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By Esther Mann, LCSW

This week’s letter is being answered by Jennifer Mann, LMSW.

Dear Jennifer,

I am a young woman, married a handful of years. I am in the worst place of my life. I realized soon after I got married that I made a big mistake. It’s not important what went wrong in my marriage or the specific flaws of my husband. What matters is that I have been living in pain for so long. I have decided, after much struggling and anguish, that I am getting a divorce. Yes, my husband is upset and wants to stay married to me; but again, this is not the point.

He is not a well man mentally, although everyone thinks he is charming; and when people find out, they will think I broke up the marriage. This kills me because he has emotionally tortured me, but I am smart enough to understand that I can’t stay with him forever. I am not going to say how many, but we do have children. I wish I could stay with him, if only for our children, but it’s not even healthy for them to see us together, so I believe I am doing the right thing for myself and for them as well.

My reason for writing to you is that I am devastated. I just recently told my parents that I want a divorce, and they are horrified. They think my husband is the most wonderful man because he is so charming and has always been nice to them. I never talk to anyone, let alone my parents, about the horrible things I have lived through with my husband. They can’t understand and they even said that I am exaggerating and that it can’t be as bad as I say. They tell me that everyone fights and that I have children and I can’t be responsible for breaking up a marriage. They tell me this will be the greatest regret of my life and that they don’t support my decision. I am devastated. When I hear their opinion, I begin to question my decision. Can you give me some guidance?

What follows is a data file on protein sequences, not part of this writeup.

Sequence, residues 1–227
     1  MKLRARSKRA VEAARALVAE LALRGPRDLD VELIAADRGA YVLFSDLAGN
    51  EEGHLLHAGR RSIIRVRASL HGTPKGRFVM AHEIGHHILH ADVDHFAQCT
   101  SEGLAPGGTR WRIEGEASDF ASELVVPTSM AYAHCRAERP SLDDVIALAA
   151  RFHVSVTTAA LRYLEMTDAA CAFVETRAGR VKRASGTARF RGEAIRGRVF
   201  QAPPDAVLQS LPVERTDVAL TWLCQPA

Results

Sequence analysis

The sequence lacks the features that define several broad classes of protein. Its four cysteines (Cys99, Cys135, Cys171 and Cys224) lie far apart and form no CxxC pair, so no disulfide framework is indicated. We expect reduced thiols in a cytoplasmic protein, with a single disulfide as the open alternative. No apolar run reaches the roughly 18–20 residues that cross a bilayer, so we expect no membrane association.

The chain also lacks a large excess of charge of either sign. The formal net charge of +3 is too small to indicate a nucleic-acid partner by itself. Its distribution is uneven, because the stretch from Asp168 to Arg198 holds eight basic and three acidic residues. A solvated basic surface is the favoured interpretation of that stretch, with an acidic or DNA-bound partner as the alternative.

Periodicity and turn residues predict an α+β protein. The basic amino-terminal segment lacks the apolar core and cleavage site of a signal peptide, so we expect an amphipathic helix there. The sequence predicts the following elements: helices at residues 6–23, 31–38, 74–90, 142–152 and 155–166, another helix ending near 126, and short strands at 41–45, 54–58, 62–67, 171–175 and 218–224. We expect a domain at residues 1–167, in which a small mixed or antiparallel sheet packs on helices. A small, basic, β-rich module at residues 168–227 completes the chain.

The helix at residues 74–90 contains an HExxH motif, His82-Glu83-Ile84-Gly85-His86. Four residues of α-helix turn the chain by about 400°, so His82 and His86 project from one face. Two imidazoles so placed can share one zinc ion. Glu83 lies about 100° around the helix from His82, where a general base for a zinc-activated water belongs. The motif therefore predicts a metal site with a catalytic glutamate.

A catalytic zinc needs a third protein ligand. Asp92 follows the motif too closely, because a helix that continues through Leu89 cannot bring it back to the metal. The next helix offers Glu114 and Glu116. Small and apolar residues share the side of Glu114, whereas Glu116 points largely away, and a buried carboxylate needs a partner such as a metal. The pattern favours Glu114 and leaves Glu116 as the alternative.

Dear “Yocheved,”

The decision to divorce is never easy. It sounds as though you have struggled greatly in your marriage to your husband—in his treatment of you, and in making the gut-wrenching decision to leave him. Though you have left out information, what you have written all over your letter is the pain and turmoil you live with regularly. Clearly, you understand the gravity of divorce when there are children involved, but have resolved that in your situation it is healthier for the children to have divorced parents because of what they must be exposed to regularly. And then you made the brave decision to share your plight and pain with your parents, only to be turned away and to be left questioning everything you have felt and known to be true.

Based on what you have written, it seems as though you feel you have no other option but to leave your husband. They say “it takes two to tango” but if your husband is mentally ill, as you say he is, sometimes the only way to stop the tango (that is, the bad dynamic) is to exit the dance floor. Let me state that my response is based on the limited information I know. I do not know if your husband indeed has a personality disorder or mental illness. If he does, that would make staying with him a constant challenge that manifests itself daily or even hourly, depending on the severity of his symptoms.